The Drive toward Creativity

(c) Brian E. Miller Photography 2010

The medium of digital photography has not been around for very long, perhaps 10 years or so in its current “serious” guise. Before that there were some digital camera efforts but nothing that could compete with film. Indeed, I owned one of those early “cameras.” It was shaped like a VHS cassette, was about as wieldy, could snap a picture at a whopping 1 megapixel, and had a refresh rate (the speed at which the photographer could shoot another picture) of about 10 seconds. I carried that thing everywhere. I had to. I had a job traveling the United States and I even made forays to Malaysia and Japan with it, attempting to chronicle my journeys.  It wasn’t a great camera, but I could share images of my travels with friends and family back home over this newish thing called “email.”

In today’s world of high megapixel, digital single lens reflex cameras with the capability of shooting HD video, that box-like camera is the equivalent of the photographic Edsel. But something happened during my tenure with the box. A drive was unleashed within me. The ease and availability of the digital image provided a medium for the creative urge in me to express itself. It is almost as if my soul was waiting for a way to talk and “the box” gave it a voice.

I have a funny feeling I am not so different from others; the democratization of photography through the advent of digital imaging and the computer age has provided us a medium to express our soul where before we might have lacked the skill in more “traditional” arts, or the money to do so. And I think it is great.

There appears to be a drive within we humans; a drive toward creativity. Shelter and food are a couple of the rudimentary necessities that our ancestors strove to provide, but they (and we) don’t just stop there. No. We decorate.  We become chefs! We become interior decorators.  We invent (or at least the French do) haut-cuisine.  We create! That’s what we do once our basic needs are met.  (Heck, even that male peacock in the picture above does it, although perhaps his drive is fueled by hubris.  Who knows.)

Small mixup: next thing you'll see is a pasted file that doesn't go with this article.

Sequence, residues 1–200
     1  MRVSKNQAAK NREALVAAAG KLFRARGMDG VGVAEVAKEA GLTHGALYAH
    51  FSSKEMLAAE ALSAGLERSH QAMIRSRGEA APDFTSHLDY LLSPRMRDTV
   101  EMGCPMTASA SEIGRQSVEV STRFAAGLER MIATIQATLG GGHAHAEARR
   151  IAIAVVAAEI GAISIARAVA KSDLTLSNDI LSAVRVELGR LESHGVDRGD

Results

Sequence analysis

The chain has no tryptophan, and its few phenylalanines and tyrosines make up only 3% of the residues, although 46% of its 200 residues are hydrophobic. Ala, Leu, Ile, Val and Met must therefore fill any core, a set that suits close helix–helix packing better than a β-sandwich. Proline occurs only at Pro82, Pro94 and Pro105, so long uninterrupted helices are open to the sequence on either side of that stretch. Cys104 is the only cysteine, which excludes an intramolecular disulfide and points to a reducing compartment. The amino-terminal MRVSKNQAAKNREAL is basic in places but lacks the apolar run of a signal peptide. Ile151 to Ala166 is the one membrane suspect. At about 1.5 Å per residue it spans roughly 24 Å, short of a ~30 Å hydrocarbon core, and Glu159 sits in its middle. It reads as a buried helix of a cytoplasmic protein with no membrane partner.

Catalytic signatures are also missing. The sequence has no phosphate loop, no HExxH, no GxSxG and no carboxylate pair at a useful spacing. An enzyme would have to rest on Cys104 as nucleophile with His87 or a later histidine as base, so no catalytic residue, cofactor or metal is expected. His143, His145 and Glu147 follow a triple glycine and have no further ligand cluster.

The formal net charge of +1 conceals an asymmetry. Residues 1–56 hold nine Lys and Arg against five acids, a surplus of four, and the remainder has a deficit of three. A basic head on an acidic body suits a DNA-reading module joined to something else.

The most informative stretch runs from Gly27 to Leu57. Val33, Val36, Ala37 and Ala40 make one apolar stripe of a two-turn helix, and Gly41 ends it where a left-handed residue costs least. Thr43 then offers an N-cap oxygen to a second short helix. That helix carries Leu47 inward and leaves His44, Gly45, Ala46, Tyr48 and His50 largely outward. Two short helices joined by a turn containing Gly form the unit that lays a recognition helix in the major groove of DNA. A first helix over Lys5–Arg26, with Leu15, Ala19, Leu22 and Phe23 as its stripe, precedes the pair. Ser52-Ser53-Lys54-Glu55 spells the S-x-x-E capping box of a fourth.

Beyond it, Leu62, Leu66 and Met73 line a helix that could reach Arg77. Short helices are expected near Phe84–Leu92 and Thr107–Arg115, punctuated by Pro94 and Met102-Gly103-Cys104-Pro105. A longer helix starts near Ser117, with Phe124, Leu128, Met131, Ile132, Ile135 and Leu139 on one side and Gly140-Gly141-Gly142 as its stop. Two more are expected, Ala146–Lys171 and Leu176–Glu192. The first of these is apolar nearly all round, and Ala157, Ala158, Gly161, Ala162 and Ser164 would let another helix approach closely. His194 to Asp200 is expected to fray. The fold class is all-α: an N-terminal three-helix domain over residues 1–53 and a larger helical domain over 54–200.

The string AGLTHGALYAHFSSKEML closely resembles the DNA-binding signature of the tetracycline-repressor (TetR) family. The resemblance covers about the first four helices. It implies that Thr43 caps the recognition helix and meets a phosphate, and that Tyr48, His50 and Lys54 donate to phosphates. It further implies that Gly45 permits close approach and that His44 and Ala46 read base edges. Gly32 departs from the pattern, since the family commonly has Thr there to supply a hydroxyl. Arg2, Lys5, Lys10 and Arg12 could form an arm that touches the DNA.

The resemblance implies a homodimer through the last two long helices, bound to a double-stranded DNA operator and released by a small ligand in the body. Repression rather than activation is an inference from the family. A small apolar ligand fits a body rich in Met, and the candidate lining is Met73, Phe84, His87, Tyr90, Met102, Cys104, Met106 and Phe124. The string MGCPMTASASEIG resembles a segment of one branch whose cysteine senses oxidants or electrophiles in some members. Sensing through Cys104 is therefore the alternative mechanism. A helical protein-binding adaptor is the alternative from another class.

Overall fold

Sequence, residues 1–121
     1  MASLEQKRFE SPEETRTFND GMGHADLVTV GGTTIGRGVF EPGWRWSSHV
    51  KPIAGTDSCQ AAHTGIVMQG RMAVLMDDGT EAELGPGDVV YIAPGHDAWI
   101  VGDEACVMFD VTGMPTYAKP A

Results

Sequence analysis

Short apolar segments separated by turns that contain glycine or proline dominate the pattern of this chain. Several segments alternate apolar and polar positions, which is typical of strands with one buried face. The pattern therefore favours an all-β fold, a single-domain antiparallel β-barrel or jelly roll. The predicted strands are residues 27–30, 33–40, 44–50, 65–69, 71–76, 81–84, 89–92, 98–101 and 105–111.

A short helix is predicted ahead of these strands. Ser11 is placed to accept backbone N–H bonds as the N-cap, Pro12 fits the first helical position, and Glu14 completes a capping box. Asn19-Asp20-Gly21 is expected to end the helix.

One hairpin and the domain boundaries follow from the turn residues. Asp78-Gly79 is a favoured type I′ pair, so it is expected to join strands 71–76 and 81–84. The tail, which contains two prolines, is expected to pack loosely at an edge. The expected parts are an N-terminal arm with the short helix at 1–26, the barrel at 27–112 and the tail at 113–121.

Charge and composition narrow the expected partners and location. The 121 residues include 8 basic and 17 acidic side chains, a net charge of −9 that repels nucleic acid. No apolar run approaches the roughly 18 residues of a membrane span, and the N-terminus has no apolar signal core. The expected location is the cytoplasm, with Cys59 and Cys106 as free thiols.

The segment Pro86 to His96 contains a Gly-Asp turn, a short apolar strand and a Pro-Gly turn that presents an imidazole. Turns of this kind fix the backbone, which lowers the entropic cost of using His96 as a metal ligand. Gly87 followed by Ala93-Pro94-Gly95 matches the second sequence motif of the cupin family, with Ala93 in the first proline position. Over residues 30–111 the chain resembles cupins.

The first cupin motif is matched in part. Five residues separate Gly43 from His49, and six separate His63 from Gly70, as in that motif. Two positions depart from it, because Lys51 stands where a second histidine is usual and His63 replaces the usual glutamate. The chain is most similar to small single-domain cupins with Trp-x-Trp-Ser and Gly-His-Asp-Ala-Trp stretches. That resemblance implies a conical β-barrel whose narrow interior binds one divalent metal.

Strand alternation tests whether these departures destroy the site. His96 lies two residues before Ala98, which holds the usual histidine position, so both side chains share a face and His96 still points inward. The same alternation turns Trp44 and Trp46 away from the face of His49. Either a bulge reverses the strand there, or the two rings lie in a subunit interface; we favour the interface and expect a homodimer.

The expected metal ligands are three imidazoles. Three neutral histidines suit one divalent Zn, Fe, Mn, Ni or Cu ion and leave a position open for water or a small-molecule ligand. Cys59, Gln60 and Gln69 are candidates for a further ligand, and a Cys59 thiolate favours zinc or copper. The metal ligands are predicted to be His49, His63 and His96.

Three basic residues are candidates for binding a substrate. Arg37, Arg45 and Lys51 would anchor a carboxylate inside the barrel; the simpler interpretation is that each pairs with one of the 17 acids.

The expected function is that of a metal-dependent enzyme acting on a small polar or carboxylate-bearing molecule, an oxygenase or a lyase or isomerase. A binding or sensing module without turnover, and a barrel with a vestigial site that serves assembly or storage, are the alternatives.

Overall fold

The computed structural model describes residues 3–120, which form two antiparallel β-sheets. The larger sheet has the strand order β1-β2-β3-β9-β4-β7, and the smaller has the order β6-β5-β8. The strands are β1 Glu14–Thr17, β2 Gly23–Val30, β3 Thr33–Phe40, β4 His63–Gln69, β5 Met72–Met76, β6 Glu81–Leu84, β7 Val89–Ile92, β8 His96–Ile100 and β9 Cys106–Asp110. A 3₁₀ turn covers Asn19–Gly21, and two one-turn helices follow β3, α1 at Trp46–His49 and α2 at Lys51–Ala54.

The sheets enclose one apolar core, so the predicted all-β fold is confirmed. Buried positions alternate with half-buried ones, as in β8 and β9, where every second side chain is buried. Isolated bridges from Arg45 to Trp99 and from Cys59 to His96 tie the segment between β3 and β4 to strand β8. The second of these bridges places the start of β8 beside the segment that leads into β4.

I have met many people along my journey that have their basic needs met but feel something is missing.  Some say they lost their mojo.  Others have it a bit worse and suffer depression.  Some describe it as being empty inside.  All, it seems to me, have had their drive to creativity thwarted for some reason.  The current climate of democratized photography has helped to stem that tide somewhat and allowed millions of people a voice and a creative outlet that previously was not available.  And that is a good thing.

Digital photography has helped provide some meaning and creativity in my life, how does it do so in yours? How do you create?  I would love to hear how you bring aliveness to your life and to the world through creativity.

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4 Responses to The Drive toward Creativity

  1. Amy Zampella says:

    Creative cuisine: pouring over stories about food and recipes, reading food blogs, looking at digital photos of food, selecting the ingredients, caring about where they come from, talking to local farmers, tasting, being jazzed about textures, concocting new tastes, following a recipe word-for-word, throwing out the recipe and doing my own thing, sharing food with friends, daydreaming about those “perfect” past meals, & daydreaming about future eats.

  2. Tom says:

    I take digital photos, sometimes get creative with post processing, I draw (poorly), write poetry (also poorly) and I do a piss poor impression of a guitar player. My creativity has been on the back burner for most of my life. It’s sometimes difficult to find the muse.

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